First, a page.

SECURITY ALERT - Gangmasters supply illegal construction workers as well as cockle pickers. And a new act is just part of a government crackdown on their activities
This month saw the implementation of the Gangmaster Licensing Act 2004, which aims to regulate the activities of those who supply temporary workers for agriculture work and shellfish gathering.
So, what does this have to do with the construction industry?
The problems seen in the agriculture industry are manifest in construction, which has witnessed a growth in gangmasters ready to exploit migrant workers and fill gaps in the UK labour market. Ucatt estimates that there are 200,000 building workers in London, of which about 40,000 are migrants, a large proportion of whom are working illegally.
Reputable companies have to deal with an increasingly sophisticated network of people smugglers and immigration rings run by organised crime syndicates where gangmasters arrange employment at a site. On one north London site, workers from central Europe had to pay the gangmaster £400 to be considered for employment and, after being taken on, they had to make additional payments of £60 a week to ensure continued employment.
Other unlawful deductions were also made from workers’ pay packets on an ad hoc basis covering “travel, accommodation and expenses”, leaving some with as little as £80 in their pay packet. “Ghost” workers were also found in the company’s system, with profiles created through expertly forged documents, submitted by the gangmaster to a compromised employee in the personnel department.
Many of the workers involved found themselves caught in a vicious circle where they were continually indebted to the gangmaster and unable to break away and secure more profitable employment. It is this type of scenario within the agriculture industry that led to the drafting of the Gangmaster Licensing Act, and it is not inconceivable that similar legislation will be brought in to regulate the construction industry, given the problems outlined.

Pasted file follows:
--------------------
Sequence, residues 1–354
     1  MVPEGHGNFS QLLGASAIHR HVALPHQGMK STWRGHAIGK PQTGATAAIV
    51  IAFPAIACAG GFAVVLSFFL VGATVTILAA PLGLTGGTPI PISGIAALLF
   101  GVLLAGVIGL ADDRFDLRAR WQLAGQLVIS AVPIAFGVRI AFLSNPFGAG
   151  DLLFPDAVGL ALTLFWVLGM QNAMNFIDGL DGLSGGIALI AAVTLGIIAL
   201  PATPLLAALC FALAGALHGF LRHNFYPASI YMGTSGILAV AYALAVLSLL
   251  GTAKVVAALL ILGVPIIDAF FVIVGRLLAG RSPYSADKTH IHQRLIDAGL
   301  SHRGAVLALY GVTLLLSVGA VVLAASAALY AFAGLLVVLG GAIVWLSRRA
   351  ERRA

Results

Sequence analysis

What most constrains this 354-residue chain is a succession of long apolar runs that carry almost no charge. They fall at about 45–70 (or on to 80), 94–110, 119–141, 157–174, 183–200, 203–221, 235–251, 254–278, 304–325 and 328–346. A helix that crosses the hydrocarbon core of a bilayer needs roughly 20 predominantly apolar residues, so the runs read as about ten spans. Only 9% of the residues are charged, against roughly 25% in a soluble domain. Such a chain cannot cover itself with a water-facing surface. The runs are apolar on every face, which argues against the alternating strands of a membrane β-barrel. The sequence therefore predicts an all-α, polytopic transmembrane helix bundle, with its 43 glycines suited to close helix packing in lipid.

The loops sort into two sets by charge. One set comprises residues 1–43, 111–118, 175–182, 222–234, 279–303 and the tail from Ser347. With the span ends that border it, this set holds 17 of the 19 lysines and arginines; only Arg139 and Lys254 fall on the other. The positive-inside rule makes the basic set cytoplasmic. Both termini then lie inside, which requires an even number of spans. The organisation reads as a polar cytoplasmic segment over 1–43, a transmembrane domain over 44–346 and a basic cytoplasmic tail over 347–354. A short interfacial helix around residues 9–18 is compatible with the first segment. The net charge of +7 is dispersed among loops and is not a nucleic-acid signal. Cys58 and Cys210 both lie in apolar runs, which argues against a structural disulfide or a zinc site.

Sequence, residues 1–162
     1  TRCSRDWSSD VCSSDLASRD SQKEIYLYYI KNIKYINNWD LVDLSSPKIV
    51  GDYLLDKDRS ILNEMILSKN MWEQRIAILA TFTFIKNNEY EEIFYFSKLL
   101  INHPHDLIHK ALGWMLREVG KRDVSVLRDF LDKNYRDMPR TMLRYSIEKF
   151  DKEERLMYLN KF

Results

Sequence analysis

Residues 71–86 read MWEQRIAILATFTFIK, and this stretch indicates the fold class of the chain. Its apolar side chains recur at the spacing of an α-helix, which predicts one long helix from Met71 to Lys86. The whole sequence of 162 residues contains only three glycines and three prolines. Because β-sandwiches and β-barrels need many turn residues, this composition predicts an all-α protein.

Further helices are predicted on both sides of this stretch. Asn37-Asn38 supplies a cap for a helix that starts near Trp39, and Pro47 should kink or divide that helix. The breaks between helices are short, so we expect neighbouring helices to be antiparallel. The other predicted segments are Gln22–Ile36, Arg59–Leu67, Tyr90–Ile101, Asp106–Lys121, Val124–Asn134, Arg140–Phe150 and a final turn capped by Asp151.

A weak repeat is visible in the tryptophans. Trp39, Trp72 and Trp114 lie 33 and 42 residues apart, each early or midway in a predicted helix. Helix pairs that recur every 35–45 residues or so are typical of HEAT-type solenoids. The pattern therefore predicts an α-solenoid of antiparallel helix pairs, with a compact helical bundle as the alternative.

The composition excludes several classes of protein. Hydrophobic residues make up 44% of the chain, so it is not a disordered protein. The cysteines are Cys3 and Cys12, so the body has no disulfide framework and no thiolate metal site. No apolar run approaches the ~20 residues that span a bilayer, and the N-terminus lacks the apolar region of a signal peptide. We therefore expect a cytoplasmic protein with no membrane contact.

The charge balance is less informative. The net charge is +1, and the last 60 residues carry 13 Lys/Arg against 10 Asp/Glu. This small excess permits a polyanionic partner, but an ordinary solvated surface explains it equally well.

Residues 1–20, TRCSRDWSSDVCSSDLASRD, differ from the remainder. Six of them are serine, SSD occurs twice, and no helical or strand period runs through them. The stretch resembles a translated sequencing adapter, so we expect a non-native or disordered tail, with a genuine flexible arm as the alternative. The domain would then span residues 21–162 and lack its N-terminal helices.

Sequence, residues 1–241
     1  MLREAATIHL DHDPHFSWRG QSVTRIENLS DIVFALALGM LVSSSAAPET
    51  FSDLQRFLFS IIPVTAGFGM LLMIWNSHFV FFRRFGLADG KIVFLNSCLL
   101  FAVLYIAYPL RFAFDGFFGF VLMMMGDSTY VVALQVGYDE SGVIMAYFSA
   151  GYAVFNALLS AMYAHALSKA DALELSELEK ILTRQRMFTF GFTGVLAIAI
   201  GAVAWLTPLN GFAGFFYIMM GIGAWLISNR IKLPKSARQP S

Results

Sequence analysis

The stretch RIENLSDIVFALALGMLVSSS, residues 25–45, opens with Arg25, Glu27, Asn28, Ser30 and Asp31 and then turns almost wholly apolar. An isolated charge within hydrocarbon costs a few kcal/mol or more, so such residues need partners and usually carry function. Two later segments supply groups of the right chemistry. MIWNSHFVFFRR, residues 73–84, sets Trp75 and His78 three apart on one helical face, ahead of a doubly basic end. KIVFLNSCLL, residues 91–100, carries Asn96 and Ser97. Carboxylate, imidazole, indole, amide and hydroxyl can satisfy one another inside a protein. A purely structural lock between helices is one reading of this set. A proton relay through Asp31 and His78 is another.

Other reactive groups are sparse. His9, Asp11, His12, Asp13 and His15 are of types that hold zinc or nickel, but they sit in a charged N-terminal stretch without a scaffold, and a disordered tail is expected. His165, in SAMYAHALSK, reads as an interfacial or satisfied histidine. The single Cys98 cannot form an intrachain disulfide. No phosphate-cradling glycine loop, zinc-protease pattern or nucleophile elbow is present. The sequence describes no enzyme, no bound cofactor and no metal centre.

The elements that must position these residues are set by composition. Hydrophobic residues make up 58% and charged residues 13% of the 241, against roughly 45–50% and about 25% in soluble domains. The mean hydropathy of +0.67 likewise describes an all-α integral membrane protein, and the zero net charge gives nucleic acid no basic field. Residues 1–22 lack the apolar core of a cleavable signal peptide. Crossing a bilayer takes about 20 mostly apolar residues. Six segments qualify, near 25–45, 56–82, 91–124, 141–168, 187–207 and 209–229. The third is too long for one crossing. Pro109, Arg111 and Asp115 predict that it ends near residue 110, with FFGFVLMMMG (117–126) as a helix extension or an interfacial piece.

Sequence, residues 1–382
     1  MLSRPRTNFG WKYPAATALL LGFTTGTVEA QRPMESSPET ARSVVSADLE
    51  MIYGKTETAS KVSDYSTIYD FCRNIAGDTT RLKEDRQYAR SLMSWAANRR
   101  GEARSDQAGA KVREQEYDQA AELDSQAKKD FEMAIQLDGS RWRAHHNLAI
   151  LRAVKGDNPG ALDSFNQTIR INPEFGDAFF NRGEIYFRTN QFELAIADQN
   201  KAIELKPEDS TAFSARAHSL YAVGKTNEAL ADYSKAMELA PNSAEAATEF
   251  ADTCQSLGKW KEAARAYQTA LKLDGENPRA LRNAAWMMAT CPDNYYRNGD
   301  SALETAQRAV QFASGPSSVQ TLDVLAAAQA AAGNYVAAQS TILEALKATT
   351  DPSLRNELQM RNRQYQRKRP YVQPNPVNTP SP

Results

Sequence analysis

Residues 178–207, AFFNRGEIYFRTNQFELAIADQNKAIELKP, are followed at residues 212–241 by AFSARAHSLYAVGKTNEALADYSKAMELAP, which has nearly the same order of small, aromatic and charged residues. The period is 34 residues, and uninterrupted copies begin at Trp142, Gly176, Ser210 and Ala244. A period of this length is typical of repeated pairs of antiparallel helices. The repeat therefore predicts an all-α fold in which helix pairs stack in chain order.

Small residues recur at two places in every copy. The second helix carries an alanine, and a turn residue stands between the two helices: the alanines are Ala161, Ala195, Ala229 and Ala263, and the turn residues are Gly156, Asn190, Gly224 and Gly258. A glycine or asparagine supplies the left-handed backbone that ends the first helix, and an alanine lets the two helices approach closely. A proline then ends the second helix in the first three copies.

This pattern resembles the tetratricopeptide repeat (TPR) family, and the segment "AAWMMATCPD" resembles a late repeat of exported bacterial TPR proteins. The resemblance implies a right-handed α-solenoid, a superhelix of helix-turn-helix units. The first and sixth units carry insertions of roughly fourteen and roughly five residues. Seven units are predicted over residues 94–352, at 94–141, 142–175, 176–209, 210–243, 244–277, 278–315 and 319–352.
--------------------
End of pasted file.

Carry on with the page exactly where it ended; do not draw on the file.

Legislation to prevent illegal working requires all employers in the UK to conduct basic document checks on every person they intend to employ. Establishing identity, relevant experience, competence, training and qualifications necessary to carry out the work goes some way to ensuring that employers do not break the law by employing illegal workers and, provided that records of cheques and copies of relevant documents are kept, there is a statutory defence against conviction for employing an illegal worker.
On one site in north London workers from central Europe paid a gangmaster £400 to be considered for work and made extra payments of £60 a week
As the Home Office tells employers, “We don’t expect you to act as an immigration officer”, and the process for checking job applicants is straightforward. However, false details and documents are widespread, with the Recruitment and Employment Confederation recently reporting that 77% of its member agencies had handled identity papers and work permits that they suspected to be false.
The use of agency workers is not as straightforward as employing directly and companies should not rely solely on the agencies to ensure workers have the right to reside and work in the UK. Ultimately, it is the employer’s responsibility and it will be liable if found employing illegal workers.
It should ensure the temporary employee is vetted appropriately. Making the assumption that an agency has carried out necessary checks can be costly, particularly as the government is considering harsher penalties for those that flout immigration laws. Do not rely on an agency’s verbal say-so and insist on seeing the vetting process. Too often companies assume checks have been completed when in fact this is not the case.
An organisation can find the hiring and training of employees is all too often a major expense. Verifying facts on a résumé can be time-consuming and frustrating, particularly if the employee turns out not to have the legal right to work, or lacks the qualifications, knowledge or skills that were outlined during the recruitment process.
Hiring the wrong person can be costly in many ways, but may be even more so than not hiring at all. With illegal workers, penalties of £5,000 can be levied for each person found working illegally and the government is considering raising fines to as much as £20,000.
Obtaining and analysing relevant information before confirming employment of any employee requires experience and specialist techniques. Vetting should be seen as a continuous process and re-vetting considered at regular intervals, particularly for sensitive positions. Investing in robust pre-employment checks greatly reduces
the risks associated with investing in inappropriate personnel and is an essential element of good corporate governance.
Angus Darroch-Warren is a senior consultant at security and risk specialist Linx International